IS ANYONE ACTUALLY MANAGING THE BUREAUCRACY?
[from March 2005 issue]

PRIOR EDITORIALS ARCHIVED HERE


That was basically the marvelously articulated lament by Ward 2 Councilmember Jack Evans a few weeks ago during a hearing being conducted by At-large Councilmember David Catania on various messes within the health department.

As usual, Councilmember Catania was right on target as he zeroed in on operational problems and dysfunctional follow-though adversely affecting vital programs. Among other things, his hearing brought out specifics as to why programs don’t produce the results they should--mostly, it would seem because nobody “upstairs” appears to take responsibility for even the most simple of management tasks. Of course, it’s the folks who desperately need the services who end up getting the shaft. But, that’s a story for another day.

What especially struck us that day as we observed the proceedings on Channel 13 while working at our computer was the obvious frustration expressed by Councilmember Evans. Of course, as chairman of the council’s finance committee, none of what he was hearing really came as a surprise. Nevertheless, when one of the witnesses, an outside health services contractor whose organization clearly knows how to do things properly and efficiently, explained that her people found it necessary to avoid working through a health department-run finance operation and instead reluctantly was working through a more costly route for the simple reason that they could never seem to get reimbursed and her small agency could not afford to carry the DC government on credit for months and months on end.

In response to Evans’ pressing her for her take on what might explain these hang-ups, her answer basically boiled down to the fact that nobody farther along the processing stream seems to undertake any timely processing of routine paperwork that was otherwise timely submitted. And when Evans asked who or what office might be responsible, she couldn’t answer because the management structure is so sloppy that nobody seems to know who’s on first.

That’s when Evans sounded off about how frustrating and unacceptable it is that nobody appears to be willing to take responsibility for anything, managers always seem to be blaming some other office or agency but avoiding any responsibility in their own shop. Of course, we are paraphrasing; we do not have the transcript in front of us. But, when he observed that this kind of thing is absolutely endemic throughout the city’s government and that it is driving him nuts, he was without question speaking for all of us taxpayers.

One has to wonder why these kinds of basic, down in the trenches managerial deficiencies continue to persist. When Robert Bobb was hired on at an enormous salary as city administrator we heard nothing but praise and about how he was going to get these people to shape up or ship out. To date, we have no evidence that the culture has changed.

It’s the little irksome things that drive residents nuts, things that could so easily be taken care of with virtually no effort or expense and if so done in the aggregate could make the mayor and his minions look fantastic.

A recent example has been chronicled with photos in both the January and February issues of this newspaper, what we will be coming to know as the Great Christmas Tree Non-disposal Caper. Readers will recall our pictorial evidence of a group of trees that had been placed in a tree box by the curb during the first week of January in accordance with announce procedures issued by the public works department. Notwithstanding, that particular group of three trees, even though put out in precise compliance with DPW’s orders, never got picked up. Then, when this writer decided to test the system and placed a call late in January to the mayor’s call center (his vaunted service “innovation” that, from our own personal experience during the past five or six years has never once resulted in the promised service being delivered, despite the issuance of confirmation numbers), the clerk airily opined that the trees couldn’t be picked up because it was now past the first week of January and after that they were supposed to be placed in the alley.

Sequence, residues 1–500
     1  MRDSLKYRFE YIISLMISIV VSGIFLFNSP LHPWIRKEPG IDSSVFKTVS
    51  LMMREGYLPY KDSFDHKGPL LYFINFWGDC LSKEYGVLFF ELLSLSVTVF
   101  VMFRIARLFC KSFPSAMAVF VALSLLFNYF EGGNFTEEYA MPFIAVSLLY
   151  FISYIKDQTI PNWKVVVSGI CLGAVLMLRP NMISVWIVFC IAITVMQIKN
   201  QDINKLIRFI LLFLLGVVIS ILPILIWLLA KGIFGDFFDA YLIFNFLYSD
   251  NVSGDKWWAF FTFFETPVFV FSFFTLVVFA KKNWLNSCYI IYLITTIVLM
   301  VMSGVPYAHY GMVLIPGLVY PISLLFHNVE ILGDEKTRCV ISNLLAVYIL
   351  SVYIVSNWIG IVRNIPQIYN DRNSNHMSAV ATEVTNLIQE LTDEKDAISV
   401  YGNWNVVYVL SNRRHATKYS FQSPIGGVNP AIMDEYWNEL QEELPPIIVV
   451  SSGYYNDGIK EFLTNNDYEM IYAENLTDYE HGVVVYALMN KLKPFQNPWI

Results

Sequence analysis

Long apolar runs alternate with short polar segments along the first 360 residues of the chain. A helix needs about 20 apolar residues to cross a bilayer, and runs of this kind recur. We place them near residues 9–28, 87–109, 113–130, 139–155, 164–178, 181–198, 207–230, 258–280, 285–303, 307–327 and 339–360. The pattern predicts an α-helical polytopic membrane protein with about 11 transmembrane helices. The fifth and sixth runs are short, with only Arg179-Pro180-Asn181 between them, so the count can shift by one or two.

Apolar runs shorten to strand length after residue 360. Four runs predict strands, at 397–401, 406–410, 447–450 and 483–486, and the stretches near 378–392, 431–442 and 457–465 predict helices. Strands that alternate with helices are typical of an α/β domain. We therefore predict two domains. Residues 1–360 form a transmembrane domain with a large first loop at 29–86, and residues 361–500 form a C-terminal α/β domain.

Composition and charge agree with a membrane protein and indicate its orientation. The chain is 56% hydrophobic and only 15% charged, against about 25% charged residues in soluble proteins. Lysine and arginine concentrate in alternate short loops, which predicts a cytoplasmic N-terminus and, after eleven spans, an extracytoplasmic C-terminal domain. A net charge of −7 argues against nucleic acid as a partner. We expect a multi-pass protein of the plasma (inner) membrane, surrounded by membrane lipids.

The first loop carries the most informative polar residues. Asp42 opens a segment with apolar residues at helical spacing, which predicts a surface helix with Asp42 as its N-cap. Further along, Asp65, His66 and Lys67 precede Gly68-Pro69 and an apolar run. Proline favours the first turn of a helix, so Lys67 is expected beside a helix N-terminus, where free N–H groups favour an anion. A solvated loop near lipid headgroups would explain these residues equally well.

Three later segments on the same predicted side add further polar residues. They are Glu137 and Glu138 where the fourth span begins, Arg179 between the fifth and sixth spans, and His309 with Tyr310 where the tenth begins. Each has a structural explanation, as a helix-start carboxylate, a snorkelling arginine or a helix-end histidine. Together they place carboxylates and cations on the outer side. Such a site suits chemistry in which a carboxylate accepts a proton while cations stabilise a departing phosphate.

What’s wrong with this picture? What’s wrong is that, once again, we have an employee who won’t take initiative or responsibility to think the situation through. Here the clerk was saying, because it’s past the magic date, the trees won’t be picked up from the tree box. It appeared to be of no concern to that clerk that the reason why the trees were still there was because nobody in DPW did their job when they were supposed to and no supervisors bothered to check up on whether the crews were performing properly.

Finally, around the third week of February, help was enlisted through the staff of the council’s public works committee, chaired by At-large Councilmember Carol Schwartz. She has a terrific oversight committee operation and a highly competent staff and one has to assume that when they intercede on behalf of a taxpayer with personnel in the department that is dependent on her approval somebody would definitely jump to. Amazingly, even the council member seems to have no clout when push comes to shove for getting a minor task carried out. No doubt the answer to this weirdness is not that they disrespect her--on the contrary--but the true answer is undoubtedly that here is another example of nobody assuming responsibility for anything; just easier to pass the buck & wash one’s hands of any worry about anything.

And, for this kind of lackadaisical service the mayor wants to glom on to the cash windfall that will be poring into the city thanks to the soon-to-explode real estate taxes--and that over and above the already humongous unanticipated surplus thanks to previous real estate tax revenue windfalls. No way should this be allowed, at least not until we start getting decent service for our money!